Manse demolition threat

Manse demolition threat

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Byford & Districts Country Club

A proposal to knock down the Manse Restaurant on Church Avenue in Kelmscott has left members of the community upset by the potential loss of a heritage building.

The building was built in 1907 to house ministers of the adjacent Congregational Church, which was built in 1903.

In 1988 the Congregational Church was relocated to Minnawarra Park.

Originally the Manse was a brick building with a corrugated iron roof and bull-nose verandah.

The Manse is listed as a category two local heritage place under the City of Armadale Local Heritage Survey.

Heritage expert Ian Boersma was born in Perth and has a special interest in the Armadale heritage.

According to Mr Boersma many of the city’s heritage places have been lost making the remaining few rare and precious.

“The Manse is clearly recognisable as the same building that appears in early photographs, and is important as one of the oldest surviving buildings in the Armadale city centre,” he said.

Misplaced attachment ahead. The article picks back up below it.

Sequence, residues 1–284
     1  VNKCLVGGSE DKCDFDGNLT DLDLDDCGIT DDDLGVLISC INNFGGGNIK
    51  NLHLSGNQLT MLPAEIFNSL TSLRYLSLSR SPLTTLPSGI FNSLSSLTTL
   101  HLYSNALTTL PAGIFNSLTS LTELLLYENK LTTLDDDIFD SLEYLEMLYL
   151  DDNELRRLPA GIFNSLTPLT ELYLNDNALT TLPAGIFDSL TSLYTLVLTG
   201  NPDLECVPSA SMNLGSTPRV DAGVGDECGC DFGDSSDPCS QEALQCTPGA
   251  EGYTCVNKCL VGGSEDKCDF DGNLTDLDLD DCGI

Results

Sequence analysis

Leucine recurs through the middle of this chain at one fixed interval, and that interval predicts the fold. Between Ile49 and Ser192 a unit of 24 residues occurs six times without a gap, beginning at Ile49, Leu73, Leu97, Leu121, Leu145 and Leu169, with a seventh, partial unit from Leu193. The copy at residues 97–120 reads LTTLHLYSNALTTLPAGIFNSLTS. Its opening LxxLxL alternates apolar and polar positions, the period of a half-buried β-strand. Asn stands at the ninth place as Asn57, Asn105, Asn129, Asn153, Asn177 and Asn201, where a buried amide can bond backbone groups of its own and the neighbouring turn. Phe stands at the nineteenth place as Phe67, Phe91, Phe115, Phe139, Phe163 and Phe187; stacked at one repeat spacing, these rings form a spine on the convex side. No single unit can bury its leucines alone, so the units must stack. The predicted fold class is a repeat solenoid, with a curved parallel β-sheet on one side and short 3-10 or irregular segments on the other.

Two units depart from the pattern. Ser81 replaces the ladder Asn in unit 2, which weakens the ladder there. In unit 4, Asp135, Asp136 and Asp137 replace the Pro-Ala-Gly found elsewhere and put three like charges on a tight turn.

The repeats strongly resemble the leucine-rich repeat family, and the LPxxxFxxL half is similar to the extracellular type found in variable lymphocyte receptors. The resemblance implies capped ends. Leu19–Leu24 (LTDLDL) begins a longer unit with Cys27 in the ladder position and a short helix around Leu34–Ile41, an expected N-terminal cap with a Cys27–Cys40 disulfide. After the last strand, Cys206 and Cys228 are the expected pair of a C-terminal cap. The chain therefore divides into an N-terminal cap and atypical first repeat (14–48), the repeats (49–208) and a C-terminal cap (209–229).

“It was built in 1907 when the fledgling township was only sparsely populated with buildings.

“Back then, the streets running uphill from the main street were little more than dirt tracks and most blocks were still covered in bush.

“It was impressive that the Congregationalists in this tiny community could build such a solid home for their minister’s family.”

According to residents, documents for the proposed demolition did appear on the City of Armadale website until August 16.

The owner of the Manse said the decision to sell was a tough one and he had been looking to sell the building as it stands but had difficulty.

The ongoing COVID-19 pandemic played a role in the decision to sell as the restaurant began to struggle due to the blow the hospitality industry has taken.

Despite advertising for some time, he could not find a suitable prospective buyer.

According to Mr Boersma the Manse is a building that demonstrates Armadale’s significant early brickmaking industry.

“It’s unfortunate that the heritage listing did not point this out, but it was usual for heritage values other than those mentioned in formal citations to be taken into account by regulatory authorities,” he said.